Benjamin served as Chancellor of the Exchequer in Lord Derby’s minority government in 1852. Benjamin presented the budget as part of his ministerial responsibilities. The budgent was generally supportive of the working class, while the opposition was adamantly opposed. This was largely in retaliation for the actions he took against Peel in 1846. The Lord Derby government was overthrown in 1858 as a result of this.

The British parliament also made it legal for members of the Jewish community to assume administrative positions in 1858-59. Disraeli’s chances of becoming Prime Minister improved as a result of this.

Following Lord Derby’s retirement from parliament in 1868, Benjamin Disraeli was chosen Prime Minister of the United Kingdom. The term was only for a few months, as the general elections were held the next year. The Conservatives were defeated, and the Liberals, led by William Gladstone, were elected to power.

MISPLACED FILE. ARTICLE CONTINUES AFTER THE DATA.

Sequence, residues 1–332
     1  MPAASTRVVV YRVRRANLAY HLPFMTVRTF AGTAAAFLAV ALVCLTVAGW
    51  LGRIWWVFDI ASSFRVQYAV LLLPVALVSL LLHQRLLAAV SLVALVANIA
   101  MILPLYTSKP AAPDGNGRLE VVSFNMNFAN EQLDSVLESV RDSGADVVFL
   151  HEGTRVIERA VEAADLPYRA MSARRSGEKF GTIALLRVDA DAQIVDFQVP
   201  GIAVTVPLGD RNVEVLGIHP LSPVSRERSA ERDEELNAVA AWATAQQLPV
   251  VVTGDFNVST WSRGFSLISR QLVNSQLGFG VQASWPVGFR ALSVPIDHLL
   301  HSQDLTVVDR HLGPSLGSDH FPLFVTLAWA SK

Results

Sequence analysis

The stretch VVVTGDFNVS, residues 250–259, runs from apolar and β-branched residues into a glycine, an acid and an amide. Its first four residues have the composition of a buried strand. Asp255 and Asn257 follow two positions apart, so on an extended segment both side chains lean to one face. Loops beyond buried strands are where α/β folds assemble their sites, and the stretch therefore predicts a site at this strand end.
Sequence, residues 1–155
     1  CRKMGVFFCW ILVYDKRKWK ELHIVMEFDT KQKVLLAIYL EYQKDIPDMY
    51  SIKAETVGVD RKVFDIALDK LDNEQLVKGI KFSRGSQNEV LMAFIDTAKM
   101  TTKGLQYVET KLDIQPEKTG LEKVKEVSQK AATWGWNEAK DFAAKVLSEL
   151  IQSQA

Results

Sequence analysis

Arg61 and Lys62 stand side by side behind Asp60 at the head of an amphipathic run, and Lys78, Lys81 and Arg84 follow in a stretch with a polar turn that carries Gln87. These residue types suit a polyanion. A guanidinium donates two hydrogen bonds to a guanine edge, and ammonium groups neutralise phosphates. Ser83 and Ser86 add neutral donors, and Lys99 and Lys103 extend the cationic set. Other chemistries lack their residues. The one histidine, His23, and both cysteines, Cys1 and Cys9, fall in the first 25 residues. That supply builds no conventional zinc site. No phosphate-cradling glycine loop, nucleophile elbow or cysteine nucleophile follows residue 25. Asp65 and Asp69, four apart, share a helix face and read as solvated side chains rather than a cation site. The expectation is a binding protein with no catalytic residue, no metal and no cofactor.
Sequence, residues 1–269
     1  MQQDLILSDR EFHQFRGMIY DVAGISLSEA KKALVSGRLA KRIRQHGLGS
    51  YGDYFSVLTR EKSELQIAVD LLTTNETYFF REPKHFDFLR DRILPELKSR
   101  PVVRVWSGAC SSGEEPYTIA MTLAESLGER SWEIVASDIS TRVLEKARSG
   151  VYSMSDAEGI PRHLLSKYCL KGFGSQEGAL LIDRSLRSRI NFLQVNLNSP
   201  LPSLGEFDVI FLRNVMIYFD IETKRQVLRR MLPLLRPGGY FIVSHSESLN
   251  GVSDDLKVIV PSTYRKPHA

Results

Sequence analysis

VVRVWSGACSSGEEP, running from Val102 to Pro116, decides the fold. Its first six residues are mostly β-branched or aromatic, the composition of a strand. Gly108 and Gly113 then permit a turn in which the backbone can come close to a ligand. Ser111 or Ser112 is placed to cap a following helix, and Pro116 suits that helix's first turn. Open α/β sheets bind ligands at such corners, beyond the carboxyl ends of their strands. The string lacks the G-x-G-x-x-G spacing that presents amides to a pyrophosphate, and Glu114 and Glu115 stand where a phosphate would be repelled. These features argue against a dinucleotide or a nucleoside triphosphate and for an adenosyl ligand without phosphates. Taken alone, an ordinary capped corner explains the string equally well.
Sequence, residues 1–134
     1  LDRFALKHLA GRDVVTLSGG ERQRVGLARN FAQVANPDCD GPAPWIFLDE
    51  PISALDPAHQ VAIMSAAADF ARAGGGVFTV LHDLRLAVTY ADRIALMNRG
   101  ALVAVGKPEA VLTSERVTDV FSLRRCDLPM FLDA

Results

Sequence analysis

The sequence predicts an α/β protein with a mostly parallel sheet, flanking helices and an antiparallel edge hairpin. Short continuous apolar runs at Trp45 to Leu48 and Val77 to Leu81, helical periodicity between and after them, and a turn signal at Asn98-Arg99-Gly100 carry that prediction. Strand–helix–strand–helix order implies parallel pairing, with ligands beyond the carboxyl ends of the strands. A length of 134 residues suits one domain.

Disraeli was elected Prime Minister for the second time in 1874, after serving as a member of the opposition. Disraeli enacted various laws during his second term as Prime Minister, including ‘The Climbing Boys Act,’ ‘Conspiracy and Protection of Property Act,’ and ‘Public Health Act.’

Major Projects of Benjamin Disraeli

Aside from being a superb politician, Benjamin had also established a reputation as a terrific writer. Disraeli had nearly 28 literary works published, with 20 in the ‘Fiction’ category and 8 in the ‘Non-Fiction’ category.

‘Coningsby,’ ‘Henrietta Temple,’ ‘The Young Duke,’ ‘The Tragedy of Count Alancos,’ and ‘Venetia’ are only a few of Benjamin’s notable fiction works. In publications such as ‘The Vindication of The English Constitution’ and ‘England and France, or A Cure of Ministerial Gallomania,’ he has stated his political beliefs.

Achievements & Awards